This same vicinity hosts Mella Rossa, an Italian-run spot serving good wood-oven pizza along with gnocchi, lasagna and a number of steaks. Nearby Bell’s Pizzeria doesn’t have quite as good food but will also cure your dough craving and comes with a lively pub-style scene surrounded by other bars. If you’re after fish and chips, cordon bleu or T-bone steak, nearby Schluck is the place.
Vegetarians should look no further than On’s Issan-Thai, which had moved to a bigger and better-located air-con shop since our last visit. The smiley chef from Si Saket province squeezes in affordable cooking classes between bouts with a streetside wok. On whipped us up a simple but well balanced pad makua yao that mixed eggplant with tofu and basil and was served steaming hot. She’s also adept at banana flower salad, laap tofu and jungle curry. Served with healthy red rice, all dishes go for 60 baht and are pictured in the menu.
Another solid option for Thai is Pai-Kan, located further west up the road and attracting crowds of locals, expats and travellers to an air-con room or outside terrace. Som tam is served in a variety of ways, including with deep-fried soft-shell crab or fresh oysters, or in the usual Thai and Lao variations. Adventurous eaters could opt for a salad made with century eggs, which are extremely salty after a long process of pickling that renders them black as night. Prices range from 40 to 80 baht and you’ll also find standard Thai dishes and even basic Western options, making it a good option for groups with varied tastes. Diners write their orders on notepads; care to try copying the Thai script?
It’s bars galore along the eastern end of Mae Nam Khwae Road. The scene is strange; think Khao San Road meets Pattaya, or in other words, backpackers meet sexpats. Men walking solo should expect to be propositioned, if not grabbed, by some of the women working a cluster of tiny “hostess bars” at the heart of the strip. The seediness will ruin the experience for some, but those who can look beyond it will find dozens of non-raunchy bars that can be a lot of fun.
During our last visit, the most happening nightspot was Triple B, featuring a billiards table, soccer on a few widescreens, live bands and tables sprawling out to the footpaths. Across from that is Blue Jeans, a cowboy-themed spot where a rock band was jamming away and local Thais mingled with travellers.
This area also hosts 10 Baht Bar, a makeshift footpath haunt which claims to “get you drunk for 10 baht”. While most shots go for at least 20 baht, they’ll give you a swig of Yoong Thong Thai whiskey for a 10-baht coin—hello hangover! Stumble a little further south up the strip to find Buddha Bar and Land Pole, two mellow spots with dreadlocked reggae bands attracting dreadlocked travellers. If you feel like meeting some of the local expats, wander up to Crackers Bar to have a yarn for the eccentric Australian owner and his pals.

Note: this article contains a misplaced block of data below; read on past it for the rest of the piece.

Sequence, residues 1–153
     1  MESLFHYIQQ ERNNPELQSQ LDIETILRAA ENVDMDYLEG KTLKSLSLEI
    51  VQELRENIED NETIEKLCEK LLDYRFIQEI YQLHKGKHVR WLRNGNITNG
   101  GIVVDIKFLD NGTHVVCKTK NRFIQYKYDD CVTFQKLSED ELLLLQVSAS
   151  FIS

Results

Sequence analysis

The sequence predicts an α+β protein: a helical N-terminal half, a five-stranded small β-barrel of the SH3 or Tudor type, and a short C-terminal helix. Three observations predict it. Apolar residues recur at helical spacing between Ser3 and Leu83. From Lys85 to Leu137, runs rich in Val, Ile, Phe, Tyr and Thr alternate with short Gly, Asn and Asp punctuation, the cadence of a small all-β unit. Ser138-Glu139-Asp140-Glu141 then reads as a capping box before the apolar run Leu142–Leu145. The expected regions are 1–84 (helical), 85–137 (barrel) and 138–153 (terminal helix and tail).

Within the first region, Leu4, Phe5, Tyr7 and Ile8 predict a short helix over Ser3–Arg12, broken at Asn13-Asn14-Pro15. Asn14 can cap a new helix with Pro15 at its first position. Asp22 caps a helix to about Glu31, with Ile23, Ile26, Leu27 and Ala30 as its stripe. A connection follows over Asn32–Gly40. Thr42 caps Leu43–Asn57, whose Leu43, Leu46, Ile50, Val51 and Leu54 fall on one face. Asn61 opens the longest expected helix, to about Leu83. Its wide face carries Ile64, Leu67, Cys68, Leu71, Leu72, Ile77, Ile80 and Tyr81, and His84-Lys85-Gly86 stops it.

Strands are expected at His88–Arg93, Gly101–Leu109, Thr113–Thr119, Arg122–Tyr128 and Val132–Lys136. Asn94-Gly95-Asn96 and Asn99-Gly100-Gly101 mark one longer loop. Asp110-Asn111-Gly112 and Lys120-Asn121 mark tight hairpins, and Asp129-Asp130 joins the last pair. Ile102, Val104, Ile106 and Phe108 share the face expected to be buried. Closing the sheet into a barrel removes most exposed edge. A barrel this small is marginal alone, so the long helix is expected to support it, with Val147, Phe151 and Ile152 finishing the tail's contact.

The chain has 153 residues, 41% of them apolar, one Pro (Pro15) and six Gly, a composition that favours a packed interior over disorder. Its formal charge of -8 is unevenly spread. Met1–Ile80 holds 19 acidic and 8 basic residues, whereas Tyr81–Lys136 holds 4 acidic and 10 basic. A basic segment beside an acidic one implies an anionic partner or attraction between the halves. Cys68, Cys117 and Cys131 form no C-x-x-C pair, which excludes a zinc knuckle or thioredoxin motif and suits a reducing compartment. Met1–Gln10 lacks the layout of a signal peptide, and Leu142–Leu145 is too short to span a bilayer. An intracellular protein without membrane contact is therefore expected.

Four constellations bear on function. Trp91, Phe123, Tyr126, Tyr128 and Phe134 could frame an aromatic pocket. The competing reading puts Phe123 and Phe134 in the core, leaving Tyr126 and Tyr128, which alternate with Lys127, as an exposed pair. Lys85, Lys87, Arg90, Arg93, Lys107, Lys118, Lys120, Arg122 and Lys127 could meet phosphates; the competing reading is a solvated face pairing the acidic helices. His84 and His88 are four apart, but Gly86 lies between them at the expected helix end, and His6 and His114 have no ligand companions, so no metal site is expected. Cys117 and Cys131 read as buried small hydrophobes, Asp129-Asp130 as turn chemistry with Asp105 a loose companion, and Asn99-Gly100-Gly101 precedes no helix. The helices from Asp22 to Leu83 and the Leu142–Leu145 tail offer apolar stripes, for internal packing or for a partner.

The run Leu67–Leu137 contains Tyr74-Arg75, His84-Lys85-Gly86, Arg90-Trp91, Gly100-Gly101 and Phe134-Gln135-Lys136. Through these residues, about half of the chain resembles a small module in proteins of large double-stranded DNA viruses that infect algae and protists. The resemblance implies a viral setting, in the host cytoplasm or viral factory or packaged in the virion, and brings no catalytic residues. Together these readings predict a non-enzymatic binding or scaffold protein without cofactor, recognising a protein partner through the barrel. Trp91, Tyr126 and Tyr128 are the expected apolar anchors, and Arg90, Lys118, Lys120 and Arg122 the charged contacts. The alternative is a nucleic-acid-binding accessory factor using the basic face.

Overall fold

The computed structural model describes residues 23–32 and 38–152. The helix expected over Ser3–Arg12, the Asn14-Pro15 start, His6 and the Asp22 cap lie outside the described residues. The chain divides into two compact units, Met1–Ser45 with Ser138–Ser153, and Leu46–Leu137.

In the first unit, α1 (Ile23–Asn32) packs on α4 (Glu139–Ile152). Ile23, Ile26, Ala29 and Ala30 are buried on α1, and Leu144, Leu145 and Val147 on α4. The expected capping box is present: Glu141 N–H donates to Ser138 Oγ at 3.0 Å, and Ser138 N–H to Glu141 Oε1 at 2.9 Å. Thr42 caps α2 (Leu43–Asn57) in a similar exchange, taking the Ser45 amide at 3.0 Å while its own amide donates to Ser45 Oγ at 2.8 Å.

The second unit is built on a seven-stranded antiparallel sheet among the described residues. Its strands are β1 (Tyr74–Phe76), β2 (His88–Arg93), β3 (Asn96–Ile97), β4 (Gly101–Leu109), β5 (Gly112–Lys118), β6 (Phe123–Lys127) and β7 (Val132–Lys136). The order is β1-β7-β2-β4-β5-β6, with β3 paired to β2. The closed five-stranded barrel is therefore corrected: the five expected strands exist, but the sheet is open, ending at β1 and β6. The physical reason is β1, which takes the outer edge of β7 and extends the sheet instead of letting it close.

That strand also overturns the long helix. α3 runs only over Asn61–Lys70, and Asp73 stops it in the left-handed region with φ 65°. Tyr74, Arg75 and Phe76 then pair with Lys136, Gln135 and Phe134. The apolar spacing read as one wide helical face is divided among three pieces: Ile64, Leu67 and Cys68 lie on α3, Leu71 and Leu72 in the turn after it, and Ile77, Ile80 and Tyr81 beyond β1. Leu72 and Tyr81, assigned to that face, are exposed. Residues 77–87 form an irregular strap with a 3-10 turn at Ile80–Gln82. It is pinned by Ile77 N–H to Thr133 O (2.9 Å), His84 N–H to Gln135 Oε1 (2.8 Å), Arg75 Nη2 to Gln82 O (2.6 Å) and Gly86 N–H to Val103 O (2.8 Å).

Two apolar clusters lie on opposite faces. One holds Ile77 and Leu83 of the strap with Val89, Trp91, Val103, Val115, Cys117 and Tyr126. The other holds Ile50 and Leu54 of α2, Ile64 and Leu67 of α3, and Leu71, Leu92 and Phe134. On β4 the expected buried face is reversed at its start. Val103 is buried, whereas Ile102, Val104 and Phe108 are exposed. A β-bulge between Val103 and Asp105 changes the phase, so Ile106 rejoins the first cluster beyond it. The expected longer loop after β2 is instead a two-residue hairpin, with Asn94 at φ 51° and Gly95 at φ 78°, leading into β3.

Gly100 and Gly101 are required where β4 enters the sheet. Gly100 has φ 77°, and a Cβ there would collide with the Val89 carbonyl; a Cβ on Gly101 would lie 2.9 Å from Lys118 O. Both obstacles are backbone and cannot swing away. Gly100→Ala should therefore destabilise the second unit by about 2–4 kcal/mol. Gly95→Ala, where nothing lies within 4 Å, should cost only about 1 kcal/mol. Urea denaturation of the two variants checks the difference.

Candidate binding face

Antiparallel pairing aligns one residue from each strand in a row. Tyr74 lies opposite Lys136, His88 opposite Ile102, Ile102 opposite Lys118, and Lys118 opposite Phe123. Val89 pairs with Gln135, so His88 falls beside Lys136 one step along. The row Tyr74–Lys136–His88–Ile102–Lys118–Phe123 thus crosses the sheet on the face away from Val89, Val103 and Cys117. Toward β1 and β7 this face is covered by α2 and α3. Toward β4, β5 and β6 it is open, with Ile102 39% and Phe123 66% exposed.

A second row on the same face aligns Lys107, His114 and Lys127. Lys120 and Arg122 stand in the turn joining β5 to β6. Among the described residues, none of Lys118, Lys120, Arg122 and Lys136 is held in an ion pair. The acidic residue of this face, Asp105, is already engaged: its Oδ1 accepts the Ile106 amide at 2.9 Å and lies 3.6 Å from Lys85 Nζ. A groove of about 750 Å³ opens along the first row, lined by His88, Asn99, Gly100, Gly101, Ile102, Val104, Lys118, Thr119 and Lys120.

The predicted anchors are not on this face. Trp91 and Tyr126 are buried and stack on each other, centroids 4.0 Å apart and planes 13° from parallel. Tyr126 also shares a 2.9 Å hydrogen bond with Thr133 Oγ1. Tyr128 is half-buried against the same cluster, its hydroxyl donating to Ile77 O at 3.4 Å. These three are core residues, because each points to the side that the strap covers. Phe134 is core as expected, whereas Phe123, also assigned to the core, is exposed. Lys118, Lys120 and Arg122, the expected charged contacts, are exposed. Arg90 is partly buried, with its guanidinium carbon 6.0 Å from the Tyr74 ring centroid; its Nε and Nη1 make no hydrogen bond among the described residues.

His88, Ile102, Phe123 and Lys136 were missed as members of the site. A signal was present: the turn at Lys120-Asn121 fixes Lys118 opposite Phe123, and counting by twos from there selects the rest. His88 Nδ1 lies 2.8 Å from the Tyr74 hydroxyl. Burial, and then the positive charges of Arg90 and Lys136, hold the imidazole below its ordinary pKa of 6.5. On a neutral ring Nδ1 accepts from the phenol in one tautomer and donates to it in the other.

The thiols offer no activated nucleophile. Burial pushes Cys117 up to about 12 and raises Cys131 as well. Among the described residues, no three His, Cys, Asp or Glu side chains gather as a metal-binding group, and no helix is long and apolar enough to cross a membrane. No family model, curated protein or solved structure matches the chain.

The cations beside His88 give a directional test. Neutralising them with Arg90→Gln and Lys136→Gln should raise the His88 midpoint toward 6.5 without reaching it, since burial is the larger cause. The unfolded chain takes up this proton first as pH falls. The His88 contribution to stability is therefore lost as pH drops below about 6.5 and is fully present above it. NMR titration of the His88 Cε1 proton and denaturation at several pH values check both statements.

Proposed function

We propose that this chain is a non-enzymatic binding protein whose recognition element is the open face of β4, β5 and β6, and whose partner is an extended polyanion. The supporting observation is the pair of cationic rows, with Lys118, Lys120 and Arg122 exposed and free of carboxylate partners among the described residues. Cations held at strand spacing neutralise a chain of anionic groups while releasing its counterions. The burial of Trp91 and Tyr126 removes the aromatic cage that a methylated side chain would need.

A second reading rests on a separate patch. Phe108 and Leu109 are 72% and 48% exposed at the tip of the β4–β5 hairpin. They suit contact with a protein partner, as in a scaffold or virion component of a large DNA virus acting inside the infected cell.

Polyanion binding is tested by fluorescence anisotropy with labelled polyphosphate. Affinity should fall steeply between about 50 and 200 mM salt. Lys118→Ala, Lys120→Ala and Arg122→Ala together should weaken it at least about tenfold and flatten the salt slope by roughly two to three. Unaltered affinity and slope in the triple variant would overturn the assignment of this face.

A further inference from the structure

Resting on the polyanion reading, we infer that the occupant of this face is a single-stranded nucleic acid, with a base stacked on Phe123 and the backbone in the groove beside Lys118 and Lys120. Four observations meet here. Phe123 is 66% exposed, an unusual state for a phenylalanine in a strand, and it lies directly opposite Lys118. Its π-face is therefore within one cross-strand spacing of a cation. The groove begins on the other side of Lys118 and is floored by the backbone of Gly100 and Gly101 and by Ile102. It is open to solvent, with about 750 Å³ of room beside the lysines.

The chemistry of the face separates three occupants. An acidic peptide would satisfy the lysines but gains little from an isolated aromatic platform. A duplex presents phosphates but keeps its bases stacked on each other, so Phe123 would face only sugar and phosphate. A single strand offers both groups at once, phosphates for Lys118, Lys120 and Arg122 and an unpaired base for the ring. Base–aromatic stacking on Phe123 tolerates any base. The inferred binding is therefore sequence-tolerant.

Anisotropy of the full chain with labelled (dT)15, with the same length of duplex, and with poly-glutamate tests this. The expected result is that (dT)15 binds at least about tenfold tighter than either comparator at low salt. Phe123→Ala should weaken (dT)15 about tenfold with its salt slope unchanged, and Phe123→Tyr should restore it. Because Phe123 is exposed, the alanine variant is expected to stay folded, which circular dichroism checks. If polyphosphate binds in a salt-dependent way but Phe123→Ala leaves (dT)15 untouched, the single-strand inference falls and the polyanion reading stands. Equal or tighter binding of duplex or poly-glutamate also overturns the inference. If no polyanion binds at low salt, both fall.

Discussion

While there’s now a midnight cut off time for loud music, several bars—especially the seedier ones—pull down awnings and keep the parties going all the way until daybreak if patrons stick around. Do stay in control, as these are the times when bad things tend to happen.
Also worth a mention here are Kanchanaburi’s famous “floating discos”, large roofed rafts studded with incredibly loud speakers and flashing lights, and towed precariously along the rivers by longtail boats. Mainly drawing Thai party people, these can still be arranged at Song Kwai Road but the authorities seemed to have successfully banned them after dark as of early 2017.
Bell’s Pizzeria Mae Nam Khwae Rd; T: (081) 010 6614; Mo-Su: 16:00-00:00.
Blue Rice Restaurant At Apple’s Retreat, Thamakhan Rd, on the west side of the river (cross Sud Jai Bridge from Mae Nam Khwae Rd and go right); T: (034) 512 017, (062) 324 5879; http://www.applesguesthouse.com/ Mo-Su: Lunch and dinner.
Chukdon night market Chukdon Rd (turn left at the far southern end of Pak Prak Rd); Mo-Su: 16:00-20:00.
Crowe’s Nest 268/1 Mae Nam Khwae Rd; Mo-Su: 08:00 till late afternoon.
Gravite Drip Coffee 3/17 Mae Nam Khwae Rd (in front of The Nine Guesthouse); T: (085) 222 7802; Mo-Su: 09:30-21:00.
Kanchanaburi fresh market Centre of town between Pak Prak Rd, Krom Prarad Chawang Boworn Rd and Prasit Songkram Rd; Mo-Su: 05:00-15:00.
Kanchanaburi night market Sangchuto Rd (just west of the train station); Mo-Su: 05:00-21:00.
Krua Chukdon West end of Chukdon Rd (sign in Thai, look for the gate with Thai script on a wood sign next to Chukdon Pier); T: (034) 620 548, (092) 419 6389; Mo-Su: 09:00-22:30.
Krua Khun Paen Far north end of Song Kwai Rd on the inland side of the street (look for the red sign in Thai); T: (085) 294 8367, (092) 284 6891; Mo-Su: Lunch and dinner.
Mella Rossa Near the far south end of Mae Nam Khwae Rd; T: (089) 596 6318; Mo-Su: 12:00-22:00.
On’s Issan-Thai Vegetarian Mae Nam Khwae Rd (just north of Sugarcane Guesthouse and across from Bell’s Pizzeria); T: (087) 364 2264; Mo-Su: 10:00-22:00.
Pai-Kan Restaurant Mae Nam Khwae Rd (just west of Sabai@Kan Resort); Mo-Su: 11:00-22:00.
Schluck Restaurant 20/1 Mae Nam Khwae Rd; T: (081) 355 9477; Mo-Su: 16:00-22:00.
The Jolly Frog 28 Soi China (off Mae Nam Khwae Rd); Mo-Su: 07:00-22:00.
David Luekens first came to Thailand in 2005 when Thai friends from his former home of Burlington, Vermont led him on a life-changing trip. Based in Thailand since 2011, he spends much of his time eating in Bangkok street markets and island hopping the Andaman Sea.